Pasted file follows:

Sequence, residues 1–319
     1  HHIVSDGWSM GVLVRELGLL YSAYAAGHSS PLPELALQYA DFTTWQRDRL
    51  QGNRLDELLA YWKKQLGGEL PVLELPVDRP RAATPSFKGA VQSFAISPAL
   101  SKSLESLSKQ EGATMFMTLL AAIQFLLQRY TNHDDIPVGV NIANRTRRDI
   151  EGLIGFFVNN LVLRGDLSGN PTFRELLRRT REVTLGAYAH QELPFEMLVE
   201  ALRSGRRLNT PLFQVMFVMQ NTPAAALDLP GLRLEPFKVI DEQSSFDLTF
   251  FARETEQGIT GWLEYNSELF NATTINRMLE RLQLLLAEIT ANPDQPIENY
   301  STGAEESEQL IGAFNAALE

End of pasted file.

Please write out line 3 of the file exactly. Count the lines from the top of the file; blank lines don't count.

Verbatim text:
    51  QGNRLDELLA YWKKQLGGEL PVLELPVDRP RAATPSFKGA VQSFAISPAL